Austin Davis Biologics has developed a new saliva test to diagnose tapeworm burdens in horses.
EquiSal Tapeworm was developed by a team of experienced scientists – one of whom was an inventor of the Clearblue pregnancy test.
The test measures tapeworm-specific antibodies in saliva and has been proven to have both high sensitivity and high specificity to determine whether a horse has a tapeworm burden.
If a horse is diagnosed with a borderline or moderate/high burden then tapeworm treatment is recommended.
A follow-up test after a few months to confirm the treatment has been effective would be beneficial and enable horse owners to feel more confident in their tapeworm control programmes.
According to the EquiSal team, it only makes sense to repeat the test if the salivary antibody levels drop quickly after effective tapeworm treatment.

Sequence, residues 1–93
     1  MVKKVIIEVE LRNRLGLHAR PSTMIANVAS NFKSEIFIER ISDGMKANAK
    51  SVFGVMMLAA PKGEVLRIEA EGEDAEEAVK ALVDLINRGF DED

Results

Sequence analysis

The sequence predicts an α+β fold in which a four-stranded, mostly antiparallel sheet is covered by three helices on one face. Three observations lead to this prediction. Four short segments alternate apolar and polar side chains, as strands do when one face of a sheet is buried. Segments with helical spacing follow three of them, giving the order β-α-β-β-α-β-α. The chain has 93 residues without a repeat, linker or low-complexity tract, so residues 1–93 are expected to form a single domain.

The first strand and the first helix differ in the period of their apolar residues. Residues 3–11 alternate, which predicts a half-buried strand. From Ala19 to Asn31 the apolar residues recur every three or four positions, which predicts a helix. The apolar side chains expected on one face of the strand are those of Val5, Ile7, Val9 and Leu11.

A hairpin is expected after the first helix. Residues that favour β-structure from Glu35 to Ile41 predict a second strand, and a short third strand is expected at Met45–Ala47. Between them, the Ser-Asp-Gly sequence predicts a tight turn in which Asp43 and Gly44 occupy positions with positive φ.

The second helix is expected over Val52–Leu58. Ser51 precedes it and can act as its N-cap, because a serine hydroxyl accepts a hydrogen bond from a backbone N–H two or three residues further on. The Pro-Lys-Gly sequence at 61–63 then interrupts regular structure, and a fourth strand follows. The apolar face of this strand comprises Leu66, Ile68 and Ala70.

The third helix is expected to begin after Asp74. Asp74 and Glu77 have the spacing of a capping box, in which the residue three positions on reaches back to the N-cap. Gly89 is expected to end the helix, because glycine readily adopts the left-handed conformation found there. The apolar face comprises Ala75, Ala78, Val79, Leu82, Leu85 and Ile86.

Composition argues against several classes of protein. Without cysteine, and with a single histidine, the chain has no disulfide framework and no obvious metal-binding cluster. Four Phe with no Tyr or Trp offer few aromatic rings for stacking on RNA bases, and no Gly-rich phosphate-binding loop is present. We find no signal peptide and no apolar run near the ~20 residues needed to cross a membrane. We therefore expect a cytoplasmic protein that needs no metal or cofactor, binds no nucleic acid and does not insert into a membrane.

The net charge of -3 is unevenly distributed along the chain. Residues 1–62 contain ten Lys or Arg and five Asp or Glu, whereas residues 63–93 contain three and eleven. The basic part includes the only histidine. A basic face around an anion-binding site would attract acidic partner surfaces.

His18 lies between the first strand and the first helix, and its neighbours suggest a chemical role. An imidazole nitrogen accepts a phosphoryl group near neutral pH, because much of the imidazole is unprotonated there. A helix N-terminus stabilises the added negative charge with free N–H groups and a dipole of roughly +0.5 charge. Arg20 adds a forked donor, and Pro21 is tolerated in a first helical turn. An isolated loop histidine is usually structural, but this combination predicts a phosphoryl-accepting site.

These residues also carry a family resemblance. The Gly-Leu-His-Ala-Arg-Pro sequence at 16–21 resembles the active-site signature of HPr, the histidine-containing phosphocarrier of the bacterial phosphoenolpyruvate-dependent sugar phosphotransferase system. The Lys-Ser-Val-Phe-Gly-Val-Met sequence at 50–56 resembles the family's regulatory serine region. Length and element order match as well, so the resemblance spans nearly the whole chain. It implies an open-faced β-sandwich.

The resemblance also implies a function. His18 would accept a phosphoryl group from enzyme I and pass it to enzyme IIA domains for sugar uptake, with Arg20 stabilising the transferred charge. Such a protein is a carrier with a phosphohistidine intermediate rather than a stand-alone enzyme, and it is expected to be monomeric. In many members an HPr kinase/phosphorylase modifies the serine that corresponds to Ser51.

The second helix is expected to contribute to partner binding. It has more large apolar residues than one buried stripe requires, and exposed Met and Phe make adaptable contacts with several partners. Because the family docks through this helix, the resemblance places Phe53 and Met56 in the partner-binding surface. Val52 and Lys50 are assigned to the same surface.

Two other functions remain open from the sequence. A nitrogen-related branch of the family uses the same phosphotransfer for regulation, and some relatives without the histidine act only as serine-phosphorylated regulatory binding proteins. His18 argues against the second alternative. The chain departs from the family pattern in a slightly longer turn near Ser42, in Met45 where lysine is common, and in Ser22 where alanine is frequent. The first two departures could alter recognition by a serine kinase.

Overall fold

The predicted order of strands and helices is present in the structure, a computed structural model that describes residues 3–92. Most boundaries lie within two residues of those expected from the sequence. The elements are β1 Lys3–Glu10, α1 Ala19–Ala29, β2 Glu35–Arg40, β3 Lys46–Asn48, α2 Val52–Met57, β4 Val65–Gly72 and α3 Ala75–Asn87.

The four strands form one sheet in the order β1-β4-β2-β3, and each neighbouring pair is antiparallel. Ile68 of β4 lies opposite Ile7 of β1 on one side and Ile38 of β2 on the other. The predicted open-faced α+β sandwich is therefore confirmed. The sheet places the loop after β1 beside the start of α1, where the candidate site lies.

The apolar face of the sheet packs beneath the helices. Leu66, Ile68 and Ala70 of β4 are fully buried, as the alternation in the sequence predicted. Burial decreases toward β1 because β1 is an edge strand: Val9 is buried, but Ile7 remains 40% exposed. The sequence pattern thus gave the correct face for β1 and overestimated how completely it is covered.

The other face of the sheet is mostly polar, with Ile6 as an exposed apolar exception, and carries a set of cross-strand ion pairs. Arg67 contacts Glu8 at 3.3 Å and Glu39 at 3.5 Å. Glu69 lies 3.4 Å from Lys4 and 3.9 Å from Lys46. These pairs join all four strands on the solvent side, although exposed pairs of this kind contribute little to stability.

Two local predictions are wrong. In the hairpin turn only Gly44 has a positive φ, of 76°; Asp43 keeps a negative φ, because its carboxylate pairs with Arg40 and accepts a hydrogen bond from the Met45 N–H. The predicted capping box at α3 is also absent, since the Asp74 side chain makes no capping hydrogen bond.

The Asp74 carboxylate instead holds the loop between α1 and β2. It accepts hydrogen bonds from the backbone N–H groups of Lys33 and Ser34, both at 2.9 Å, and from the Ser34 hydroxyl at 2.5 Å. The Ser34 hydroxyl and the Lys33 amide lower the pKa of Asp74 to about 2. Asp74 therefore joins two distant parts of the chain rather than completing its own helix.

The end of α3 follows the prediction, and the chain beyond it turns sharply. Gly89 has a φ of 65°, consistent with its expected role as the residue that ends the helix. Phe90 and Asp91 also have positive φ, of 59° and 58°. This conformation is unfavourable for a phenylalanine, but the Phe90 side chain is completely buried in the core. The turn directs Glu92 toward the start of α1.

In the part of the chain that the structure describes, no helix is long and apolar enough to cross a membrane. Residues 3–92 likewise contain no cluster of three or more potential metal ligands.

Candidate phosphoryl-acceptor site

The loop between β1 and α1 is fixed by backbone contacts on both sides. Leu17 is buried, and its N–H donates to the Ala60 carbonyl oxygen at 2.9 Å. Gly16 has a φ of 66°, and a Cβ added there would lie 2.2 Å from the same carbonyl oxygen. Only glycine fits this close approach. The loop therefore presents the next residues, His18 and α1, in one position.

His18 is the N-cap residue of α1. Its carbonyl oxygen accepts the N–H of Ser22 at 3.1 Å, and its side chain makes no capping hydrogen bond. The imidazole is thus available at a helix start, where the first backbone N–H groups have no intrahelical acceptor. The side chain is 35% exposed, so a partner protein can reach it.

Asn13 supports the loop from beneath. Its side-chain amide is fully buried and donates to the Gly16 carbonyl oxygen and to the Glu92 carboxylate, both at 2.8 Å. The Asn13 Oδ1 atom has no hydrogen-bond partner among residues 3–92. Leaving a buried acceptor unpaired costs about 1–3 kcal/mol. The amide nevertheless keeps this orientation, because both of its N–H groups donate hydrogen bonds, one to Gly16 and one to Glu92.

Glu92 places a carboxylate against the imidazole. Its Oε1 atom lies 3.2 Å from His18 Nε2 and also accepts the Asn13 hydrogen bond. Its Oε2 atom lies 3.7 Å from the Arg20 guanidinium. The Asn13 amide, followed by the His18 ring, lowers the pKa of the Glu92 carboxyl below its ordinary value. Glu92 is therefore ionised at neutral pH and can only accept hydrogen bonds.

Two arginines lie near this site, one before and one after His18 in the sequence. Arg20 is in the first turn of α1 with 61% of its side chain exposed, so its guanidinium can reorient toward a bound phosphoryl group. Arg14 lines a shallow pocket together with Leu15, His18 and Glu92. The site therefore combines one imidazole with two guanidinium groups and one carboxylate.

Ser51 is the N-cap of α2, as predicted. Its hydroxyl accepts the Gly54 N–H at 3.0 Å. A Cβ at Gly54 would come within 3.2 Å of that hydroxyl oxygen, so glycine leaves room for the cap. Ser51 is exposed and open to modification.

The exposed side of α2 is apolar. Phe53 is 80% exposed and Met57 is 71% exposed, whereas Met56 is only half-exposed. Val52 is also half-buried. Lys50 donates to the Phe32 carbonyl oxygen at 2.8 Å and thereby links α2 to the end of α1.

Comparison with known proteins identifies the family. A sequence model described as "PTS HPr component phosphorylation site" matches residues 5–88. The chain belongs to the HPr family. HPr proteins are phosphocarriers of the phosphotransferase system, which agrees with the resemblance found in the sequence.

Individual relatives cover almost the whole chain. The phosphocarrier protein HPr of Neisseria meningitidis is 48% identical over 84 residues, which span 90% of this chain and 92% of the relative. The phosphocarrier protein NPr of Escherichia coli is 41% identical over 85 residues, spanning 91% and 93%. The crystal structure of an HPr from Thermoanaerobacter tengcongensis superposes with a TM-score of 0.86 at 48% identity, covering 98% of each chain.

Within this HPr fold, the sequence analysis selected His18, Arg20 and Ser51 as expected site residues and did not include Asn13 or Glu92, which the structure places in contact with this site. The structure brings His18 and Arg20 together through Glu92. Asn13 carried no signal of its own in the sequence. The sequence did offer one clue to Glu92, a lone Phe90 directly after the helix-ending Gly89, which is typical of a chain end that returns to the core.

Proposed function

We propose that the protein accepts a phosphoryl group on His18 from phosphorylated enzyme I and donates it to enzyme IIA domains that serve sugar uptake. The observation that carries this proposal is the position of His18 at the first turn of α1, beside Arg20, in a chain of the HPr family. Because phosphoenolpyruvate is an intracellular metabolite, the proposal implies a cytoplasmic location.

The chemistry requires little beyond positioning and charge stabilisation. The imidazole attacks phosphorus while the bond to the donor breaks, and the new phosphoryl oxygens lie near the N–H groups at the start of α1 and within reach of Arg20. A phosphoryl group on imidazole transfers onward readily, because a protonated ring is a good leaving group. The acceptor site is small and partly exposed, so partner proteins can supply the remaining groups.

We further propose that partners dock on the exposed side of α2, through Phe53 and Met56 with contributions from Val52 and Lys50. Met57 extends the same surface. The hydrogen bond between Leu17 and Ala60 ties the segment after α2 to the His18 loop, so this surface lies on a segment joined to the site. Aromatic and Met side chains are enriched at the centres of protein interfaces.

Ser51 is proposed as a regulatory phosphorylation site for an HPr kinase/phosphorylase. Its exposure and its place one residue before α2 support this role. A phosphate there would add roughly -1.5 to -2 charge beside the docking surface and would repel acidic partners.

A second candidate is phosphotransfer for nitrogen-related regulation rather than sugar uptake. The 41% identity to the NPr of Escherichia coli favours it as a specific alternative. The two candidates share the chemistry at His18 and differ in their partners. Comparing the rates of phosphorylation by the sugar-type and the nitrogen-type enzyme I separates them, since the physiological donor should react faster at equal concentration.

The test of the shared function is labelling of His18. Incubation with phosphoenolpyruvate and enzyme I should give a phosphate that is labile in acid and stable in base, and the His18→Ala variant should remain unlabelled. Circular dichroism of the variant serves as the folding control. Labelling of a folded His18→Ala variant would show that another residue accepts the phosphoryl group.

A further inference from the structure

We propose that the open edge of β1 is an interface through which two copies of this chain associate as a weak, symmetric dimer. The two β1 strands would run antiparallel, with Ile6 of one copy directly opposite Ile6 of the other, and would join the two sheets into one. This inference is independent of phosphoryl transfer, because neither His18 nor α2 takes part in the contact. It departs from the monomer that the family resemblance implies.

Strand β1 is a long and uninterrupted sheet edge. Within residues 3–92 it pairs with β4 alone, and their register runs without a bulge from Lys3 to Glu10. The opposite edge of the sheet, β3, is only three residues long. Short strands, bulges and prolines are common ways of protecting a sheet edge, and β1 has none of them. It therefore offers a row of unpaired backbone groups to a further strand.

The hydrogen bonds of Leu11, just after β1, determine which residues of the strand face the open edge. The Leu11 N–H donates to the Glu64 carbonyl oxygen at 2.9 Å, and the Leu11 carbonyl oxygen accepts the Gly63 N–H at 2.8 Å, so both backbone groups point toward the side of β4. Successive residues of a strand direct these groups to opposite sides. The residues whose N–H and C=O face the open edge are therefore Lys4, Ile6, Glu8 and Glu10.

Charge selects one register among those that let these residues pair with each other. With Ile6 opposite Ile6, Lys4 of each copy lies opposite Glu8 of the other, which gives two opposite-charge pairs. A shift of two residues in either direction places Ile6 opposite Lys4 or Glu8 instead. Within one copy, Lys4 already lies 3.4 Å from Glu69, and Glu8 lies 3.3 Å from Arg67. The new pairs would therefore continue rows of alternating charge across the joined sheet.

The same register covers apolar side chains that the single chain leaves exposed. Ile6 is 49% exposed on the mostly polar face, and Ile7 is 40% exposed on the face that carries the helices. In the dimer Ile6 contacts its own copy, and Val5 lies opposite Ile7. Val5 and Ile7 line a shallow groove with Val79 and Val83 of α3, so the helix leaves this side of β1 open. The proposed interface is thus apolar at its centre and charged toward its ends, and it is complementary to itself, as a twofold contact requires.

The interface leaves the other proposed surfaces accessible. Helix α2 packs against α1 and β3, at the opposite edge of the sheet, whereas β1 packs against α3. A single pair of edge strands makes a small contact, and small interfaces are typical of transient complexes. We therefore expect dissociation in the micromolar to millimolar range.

In preparation for a full-scale trial, Austin Davis Biologics recently carried out a small trial in which EquiSal Tapeworm testing was carried out on horses every two weeks following worming treatment for tapeworm.
Data collected from this trial has shown, in most cases, substantial reduction in tapeworm-specific antibodies was seen within two to three weeks following treatment.
The researchers said it is important to understand the picture is complicated if the horse becomes reinfected by tapeworm larvae after worming treatment. Austin Davis Biologics is planning a larger trial for later this year.
EquiSal’s testing recommendations include:
- The first EquiSal test should be carried out four months after the last worming treatment for tapeworm.
- Routine testing should then be carried out every six months.
- If a horse has a borderline or moderate/high diagnosis, a retest can be carried out two to three months after worming treatment for tapeworm.